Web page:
The Hole at the Heart of Litigation Privilege

It is a natural function of executives to seek to manage the relationships with the entities they conduct business with, and where necessary to endeavour to resolve any dispute that might arise. However, following a recent Court of Appeal decision on the subject of litigation privilege[1], businesses will need to tread very carefully when taking steps to resolve a commercial dispute if they are not to find themselves seriously prejudiced in later litigation where negotiations fail.

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Litigation privilege is the doctrine whereby certain documents made for the dominant purpose of litigation do not have to be disclosed to a party’s opponent. Unlike legal advice privilege the documents do not have to be communications between parties and their lawyers. Thus they can be internal communications or communications with third parties. The doctrine is designed so that a party can prepare its case – claim or defence – without the risk of being forced to disclose the substance of those preparations to its opponents. But the Court of Appeal’s decision has revealed the big hole at the heart of the doctrine.

The Court of Appeal approved the following general statement as to when litigation privilege protects documents (Para 16 of the Judgment):

“… where they have come into existence after litigation commenced or in contemplation, and when they have been made with a view to such litigation, either for the purpose of obtaining advice as to such litigation, or of obtaining evidence to be used in such litigation, or of obtaining information which might lead to the obtaining of such evidence…”.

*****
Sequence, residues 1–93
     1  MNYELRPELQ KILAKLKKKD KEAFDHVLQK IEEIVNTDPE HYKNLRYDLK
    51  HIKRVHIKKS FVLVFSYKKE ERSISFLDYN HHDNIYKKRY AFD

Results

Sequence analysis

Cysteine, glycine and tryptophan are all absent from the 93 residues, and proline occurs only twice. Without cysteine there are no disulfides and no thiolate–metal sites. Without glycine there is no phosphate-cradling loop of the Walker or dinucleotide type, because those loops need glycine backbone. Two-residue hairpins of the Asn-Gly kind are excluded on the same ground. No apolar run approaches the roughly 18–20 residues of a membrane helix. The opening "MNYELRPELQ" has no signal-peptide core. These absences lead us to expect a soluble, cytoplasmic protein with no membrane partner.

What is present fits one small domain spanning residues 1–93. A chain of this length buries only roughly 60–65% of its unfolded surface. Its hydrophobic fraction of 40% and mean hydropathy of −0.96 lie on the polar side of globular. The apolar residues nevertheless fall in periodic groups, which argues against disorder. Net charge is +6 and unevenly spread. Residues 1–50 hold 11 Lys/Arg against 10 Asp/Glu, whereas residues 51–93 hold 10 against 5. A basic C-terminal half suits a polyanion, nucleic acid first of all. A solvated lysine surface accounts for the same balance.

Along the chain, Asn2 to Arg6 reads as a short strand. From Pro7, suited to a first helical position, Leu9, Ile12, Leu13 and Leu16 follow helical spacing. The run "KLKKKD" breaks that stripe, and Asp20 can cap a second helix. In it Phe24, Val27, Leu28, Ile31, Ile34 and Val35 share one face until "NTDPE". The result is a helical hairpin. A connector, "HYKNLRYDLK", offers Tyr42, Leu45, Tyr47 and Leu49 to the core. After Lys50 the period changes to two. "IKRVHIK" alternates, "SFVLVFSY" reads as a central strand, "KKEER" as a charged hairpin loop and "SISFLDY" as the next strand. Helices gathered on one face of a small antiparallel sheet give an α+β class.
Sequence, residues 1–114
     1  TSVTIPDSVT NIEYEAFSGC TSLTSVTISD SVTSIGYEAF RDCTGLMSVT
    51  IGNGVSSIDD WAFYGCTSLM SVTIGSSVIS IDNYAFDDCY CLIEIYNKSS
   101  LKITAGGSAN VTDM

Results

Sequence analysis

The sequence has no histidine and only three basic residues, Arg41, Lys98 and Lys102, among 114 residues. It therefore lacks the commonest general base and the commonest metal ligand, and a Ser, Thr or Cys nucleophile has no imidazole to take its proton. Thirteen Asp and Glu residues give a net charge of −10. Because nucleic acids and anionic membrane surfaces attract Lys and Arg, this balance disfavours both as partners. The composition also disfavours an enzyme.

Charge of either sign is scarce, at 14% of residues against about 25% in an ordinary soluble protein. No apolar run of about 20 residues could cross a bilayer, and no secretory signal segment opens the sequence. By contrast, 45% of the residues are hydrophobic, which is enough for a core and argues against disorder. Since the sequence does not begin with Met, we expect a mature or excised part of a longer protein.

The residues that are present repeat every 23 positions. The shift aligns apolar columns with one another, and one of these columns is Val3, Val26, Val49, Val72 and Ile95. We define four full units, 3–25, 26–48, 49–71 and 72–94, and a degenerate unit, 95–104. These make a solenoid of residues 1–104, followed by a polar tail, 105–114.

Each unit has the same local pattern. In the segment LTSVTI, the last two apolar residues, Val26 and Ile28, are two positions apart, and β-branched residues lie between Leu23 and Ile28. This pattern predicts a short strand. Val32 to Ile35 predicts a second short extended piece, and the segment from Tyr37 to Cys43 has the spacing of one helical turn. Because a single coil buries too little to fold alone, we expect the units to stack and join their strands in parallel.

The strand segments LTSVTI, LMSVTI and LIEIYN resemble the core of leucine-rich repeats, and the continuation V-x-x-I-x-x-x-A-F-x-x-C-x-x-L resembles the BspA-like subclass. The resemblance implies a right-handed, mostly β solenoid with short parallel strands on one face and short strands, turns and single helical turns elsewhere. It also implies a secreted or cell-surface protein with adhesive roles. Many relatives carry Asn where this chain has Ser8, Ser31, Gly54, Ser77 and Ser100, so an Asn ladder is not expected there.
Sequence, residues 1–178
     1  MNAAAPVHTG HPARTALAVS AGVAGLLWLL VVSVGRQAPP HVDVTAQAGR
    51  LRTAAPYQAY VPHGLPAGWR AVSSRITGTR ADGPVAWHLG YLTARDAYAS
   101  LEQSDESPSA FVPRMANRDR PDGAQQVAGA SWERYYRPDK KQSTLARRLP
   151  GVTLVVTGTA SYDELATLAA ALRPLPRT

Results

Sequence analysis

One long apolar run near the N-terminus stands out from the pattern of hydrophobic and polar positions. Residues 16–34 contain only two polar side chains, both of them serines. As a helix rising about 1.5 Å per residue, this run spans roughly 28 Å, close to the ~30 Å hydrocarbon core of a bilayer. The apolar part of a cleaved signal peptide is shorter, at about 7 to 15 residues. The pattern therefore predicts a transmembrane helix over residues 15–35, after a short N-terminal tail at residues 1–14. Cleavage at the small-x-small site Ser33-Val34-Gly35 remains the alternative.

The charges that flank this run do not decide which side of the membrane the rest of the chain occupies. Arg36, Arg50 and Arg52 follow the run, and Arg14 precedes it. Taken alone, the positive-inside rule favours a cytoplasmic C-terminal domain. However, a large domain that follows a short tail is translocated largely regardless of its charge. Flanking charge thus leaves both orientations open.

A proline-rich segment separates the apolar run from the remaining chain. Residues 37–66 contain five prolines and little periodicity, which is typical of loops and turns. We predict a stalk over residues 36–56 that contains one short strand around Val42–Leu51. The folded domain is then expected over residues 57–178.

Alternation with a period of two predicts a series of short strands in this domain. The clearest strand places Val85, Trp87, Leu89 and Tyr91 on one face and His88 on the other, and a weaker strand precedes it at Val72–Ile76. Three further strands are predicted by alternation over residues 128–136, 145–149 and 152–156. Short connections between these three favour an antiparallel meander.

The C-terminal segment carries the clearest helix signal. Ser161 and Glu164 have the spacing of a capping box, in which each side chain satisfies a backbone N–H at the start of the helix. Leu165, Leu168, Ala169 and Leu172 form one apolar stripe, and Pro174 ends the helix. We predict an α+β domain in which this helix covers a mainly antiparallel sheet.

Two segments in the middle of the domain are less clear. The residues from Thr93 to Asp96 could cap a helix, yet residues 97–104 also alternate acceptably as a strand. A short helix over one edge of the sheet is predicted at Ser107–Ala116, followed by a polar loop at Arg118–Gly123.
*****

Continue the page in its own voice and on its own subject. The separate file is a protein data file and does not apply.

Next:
However certain documents which were created by the defendant, "with the dominant purpose of discussing a commercial settlement of the dispute when litigation … was in contemplation”, were found not to be subject to litigation privilege, and were thus disclosable.

Some might find this to be a startling outcome. Amongst other things it means that:

  1. Wherever parties record internal settlement discussions, the records of those discussions may be disclosable to the opponent save where lawyers are involved for the purpose of obtaining their advice; and

  2. As part of the disclosure process in litigation and arbitration, parties may be obliged to search for and disclose to their opponents right up to and including the final hearing internal documents concerning possible settlement.

This is not in fact new law, as the Court of Appeal specifically confirmed (Para 18 of the Judgment). But however surprising it may be that parties are unable to consider in complete confidence the possible settlement of claims, unless their lawyers are involved, that is likely to be the effect of the decision. Thus before parties begin to consider settlement of any claims, before or after proceedings have been commenced, whether they are claimant or defendant, and particularly before they document those considerations in any way, they should seek specific legal advice.

  1. WH Holding Limited and (2) West Ham United Football Club Limited v E20 Stadium LLP [2018] EWCA Civ 2652 (Court of Appeal (Civil Division))